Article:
#17 Constitution First Unless those engines were built over 20 years ago you are correct. Anything built after around 1990 is designed to burn a 10% ethanol blend and will not be damaged by using it.

  • JLawson

    Steve – got it from here.

    However, it sounds like you have much more expertise in this than I do, so I humbly bow and stand (or sit) corrected.

  • Idahoser

    The only thing worse than progressives getting away with their leftist policies is:
    Republicans pushing leftist policies.
    I would rather lose the election and have another four years of Zero than to select a Republican who will give us exactly the same policies and claim my blessing for it.

    When I can find it, I pay a little extra to get ethanol-free gasoline. Your area may have some available, see

    ANY gas-powered vehicle will run better and get better mileage and last longer without the ethanol, and I feel better sticking the finger at algore.

    Animal feed is food, steve. Claim all you like that you oppose it, but you’re arguing for it.

  • mpw280

    Steve I see your knowledge is flawed, as acreage movement isn’t just from corn to beans or cotton, think displacement, as corn takes up more of the center of the pool beans and other crops move out to less productive areas and displace other crops. Farmers are now growing crops on land that has been hay acreage for years, why?, could it be that as prices increase more marginal land is just profitable enough to make it work. Even that marginal land is of limited size though. As to your knowledge of wheat, it can be grown in most every state, even Texas grows winter wheat. In terms of feed rations, high corn prices are making other non-typical feed substances being brought into the feed mix as corn and ddgs are too expensive. We haven’t even touched on the waste water that making ethanol causes, that is a discussion that will come soon as irrigation to grow corn in some areas drops the water tables on even the deep aquifers and using up to 11 gallons to make every gallon of ethanol will eventually cause severe problems in some mid-western states. On your arrogance that only you know the industry, I have been in it my whole working life and do quite well at it, though I don’t get subsidy checks for growing corn or any other crops. mpw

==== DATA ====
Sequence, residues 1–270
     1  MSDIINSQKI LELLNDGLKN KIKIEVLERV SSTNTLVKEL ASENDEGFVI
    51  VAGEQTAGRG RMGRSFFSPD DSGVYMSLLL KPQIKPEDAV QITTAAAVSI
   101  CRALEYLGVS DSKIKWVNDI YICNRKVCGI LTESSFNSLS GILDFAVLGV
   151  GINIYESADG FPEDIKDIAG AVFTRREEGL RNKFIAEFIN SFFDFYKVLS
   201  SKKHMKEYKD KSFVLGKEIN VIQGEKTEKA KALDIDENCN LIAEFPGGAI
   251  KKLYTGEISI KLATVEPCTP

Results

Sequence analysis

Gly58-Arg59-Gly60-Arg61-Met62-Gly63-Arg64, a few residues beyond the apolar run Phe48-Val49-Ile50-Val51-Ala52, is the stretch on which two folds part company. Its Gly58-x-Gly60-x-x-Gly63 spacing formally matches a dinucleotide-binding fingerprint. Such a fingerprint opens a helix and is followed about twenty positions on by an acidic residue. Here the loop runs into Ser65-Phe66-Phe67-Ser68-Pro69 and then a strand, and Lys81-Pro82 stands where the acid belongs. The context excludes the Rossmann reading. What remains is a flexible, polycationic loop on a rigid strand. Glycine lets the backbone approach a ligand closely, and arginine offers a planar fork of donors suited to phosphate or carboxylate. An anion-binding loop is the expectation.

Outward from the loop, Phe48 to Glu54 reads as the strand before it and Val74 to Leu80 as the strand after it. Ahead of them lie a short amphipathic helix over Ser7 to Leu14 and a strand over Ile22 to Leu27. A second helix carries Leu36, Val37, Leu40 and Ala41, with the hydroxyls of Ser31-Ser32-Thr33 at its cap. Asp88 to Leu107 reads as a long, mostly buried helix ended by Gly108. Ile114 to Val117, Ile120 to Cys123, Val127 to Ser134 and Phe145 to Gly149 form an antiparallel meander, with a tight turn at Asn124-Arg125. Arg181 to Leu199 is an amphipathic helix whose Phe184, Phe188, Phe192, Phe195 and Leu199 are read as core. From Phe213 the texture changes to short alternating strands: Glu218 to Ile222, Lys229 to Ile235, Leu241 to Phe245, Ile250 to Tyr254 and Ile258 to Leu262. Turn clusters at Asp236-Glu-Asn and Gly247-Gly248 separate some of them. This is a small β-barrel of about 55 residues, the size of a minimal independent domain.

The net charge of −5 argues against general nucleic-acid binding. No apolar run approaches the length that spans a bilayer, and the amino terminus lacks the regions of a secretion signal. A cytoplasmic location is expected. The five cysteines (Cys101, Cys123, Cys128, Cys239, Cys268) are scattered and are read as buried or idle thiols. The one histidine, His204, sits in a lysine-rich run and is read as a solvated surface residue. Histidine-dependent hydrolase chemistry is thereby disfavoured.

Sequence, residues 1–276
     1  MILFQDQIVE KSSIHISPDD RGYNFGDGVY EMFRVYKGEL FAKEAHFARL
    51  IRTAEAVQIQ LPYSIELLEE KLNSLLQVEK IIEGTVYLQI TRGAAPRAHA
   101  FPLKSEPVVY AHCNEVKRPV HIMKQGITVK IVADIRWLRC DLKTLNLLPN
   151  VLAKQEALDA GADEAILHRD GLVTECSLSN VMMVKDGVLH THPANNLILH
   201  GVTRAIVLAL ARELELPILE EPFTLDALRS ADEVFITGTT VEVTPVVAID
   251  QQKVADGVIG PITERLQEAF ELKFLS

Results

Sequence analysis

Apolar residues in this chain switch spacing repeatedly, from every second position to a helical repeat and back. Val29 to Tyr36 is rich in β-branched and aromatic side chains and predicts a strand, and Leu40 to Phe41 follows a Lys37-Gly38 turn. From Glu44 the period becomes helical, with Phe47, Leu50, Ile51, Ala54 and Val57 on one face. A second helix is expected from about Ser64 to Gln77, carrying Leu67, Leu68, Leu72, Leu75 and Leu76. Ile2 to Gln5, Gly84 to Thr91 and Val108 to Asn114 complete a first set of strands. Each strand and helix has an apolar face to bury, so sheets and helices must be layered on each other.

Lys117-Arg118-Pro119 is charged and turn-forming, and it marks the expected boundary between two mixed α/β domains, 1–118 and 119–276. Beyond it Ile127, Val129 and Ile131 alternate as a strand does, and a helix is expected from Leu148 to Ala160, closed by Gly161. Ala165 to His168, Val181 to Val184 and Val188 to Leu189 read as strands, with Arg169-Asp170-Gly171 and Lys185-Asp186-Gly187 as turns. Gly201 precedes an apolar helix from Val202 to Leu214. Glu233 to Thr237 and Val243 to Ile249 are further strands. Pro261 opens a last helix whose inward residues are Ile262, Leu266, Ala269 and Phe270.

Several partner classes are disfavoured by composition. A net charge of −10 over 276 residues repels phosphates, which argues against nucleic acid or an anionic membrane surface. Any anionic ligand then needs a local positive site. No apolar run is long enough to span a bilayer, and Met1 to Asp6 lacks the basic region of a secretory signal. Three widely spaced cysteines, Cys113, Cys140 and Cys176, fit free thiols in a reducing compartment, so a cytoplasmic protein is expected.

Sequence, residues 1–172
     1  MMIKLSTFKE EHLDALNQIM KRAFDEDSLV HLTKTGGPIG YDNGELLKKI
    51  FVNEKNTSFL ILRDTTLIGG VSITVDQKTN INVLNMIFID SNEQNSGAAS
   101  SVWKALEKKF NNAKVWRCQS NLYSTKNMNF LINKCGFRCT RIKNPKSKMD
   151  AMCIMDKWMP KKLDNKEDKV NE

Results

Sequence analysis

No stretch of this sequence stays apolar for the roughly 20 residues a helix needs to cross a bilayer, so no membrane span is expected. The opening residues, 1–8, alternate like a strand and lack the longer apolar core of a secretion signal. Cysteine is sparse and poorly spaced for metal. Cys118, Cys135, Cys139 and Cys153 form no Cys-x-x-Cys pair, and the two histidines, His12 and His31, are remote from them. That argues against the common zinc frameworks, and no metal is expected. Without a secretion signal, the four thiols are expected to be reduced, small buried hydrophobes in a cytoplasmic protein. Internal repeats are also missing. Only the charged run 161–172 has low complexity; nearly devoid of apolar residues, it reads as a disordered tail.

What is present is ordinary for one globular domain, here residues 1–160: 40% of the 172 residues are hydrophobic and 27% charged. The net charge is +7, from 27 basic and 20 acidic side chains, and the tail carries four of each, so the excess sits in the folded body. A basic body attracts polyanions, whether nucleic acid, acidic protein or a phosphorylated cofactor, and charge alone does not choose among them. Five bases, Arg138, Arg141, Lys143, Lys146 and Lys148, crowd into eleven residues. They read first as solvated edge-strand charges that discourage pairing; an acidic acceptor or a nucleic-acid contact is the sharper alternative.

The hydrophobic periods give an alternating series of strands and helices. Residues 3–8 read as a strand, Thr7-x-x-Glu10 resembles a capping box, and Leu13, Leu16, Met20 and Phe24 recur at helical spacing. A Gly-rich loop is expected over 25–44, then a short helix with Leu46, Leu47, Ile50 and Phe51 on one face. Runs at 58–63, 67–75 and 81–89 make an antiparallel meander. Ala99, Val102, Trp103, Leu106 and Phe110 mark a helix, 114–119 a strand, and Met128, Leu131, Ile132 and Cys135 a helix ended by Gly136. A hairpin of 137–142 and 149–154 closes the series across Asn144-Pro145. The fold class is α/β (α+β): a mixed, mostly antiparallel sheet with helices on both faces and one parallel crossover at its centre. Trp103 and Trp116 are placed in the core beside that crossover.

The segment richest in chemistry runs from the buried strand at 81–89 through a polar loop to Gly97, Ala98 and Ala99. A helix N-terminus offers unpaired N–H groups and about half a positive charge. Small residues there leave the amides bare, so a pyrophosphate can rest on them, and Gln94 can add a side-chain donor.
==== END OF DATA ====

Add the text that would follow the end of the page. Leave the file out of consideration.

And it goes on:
• Stan


    I am getting damn tired of the line that we are turning food into fuel. Most of the corn raised in the US is not destined for human consumption in the first place. It goes to poultry, hog and cattle feed. Which, after the starch is removed in creating ethanol, goes to livestock feed as dried distillers grain. The protein and minerals are still there available for livestock. SO NO WE ARE NOT TURNING FOOD INTO FUEL.

    Corn is used in just about everything we eat. The cereal that you eat for breakfast, the sweetener that is used in your soda and the whiskey that you drink. Hell corn byproducts are even used in the manufacture of cars. Corn is the main staple in the fattening of cattle in the feed lots. How else do you think that cows get fat? It is definitely not the air that they breathe or so-called cow farts.

  • Stan

    Ooops I meant Steve.

  • boqueronman

    I’m late but a couple of points anyway:

    1. The late, lamented Hummer has less damaging total environment impact than a Prius. A study a few years ago analyzed the entire mining, production, assembly and distribution process – as well as fuel consumption. The Prius’ very negative impact comes from the mining and disposal of highly polluting nickle in the batteries, which, for this and other reasons, requires that prior to sale the Prius, at various stages of production, must be shipped all the way around the world. Carbon footprint, anyone!

    2. When discussing the Luddite environmentalists (oxymoron?) impact on world food supplies and prices, one cannot overlook the hysterical European campaign against genetically modified foods. Science is making valuable advances in developing new strains of more drought and pest resistant foods which will improve yields on marginal lands. Unfortunately, the EU has banned food imports from countries that permit the use of such hybrid seeds, even if the harvests are restricted to local consumption. Therefore, many, if not most, African nations have been forced to reject these improvements in order to retain important export markets. The impact now is still not dramatic since the genetic improvements are just now beginning. But unless the anti-science environmentalists are defeated the gap between actual and potential food output will surely widen. And, most definitely, the real victims are the world’s poor.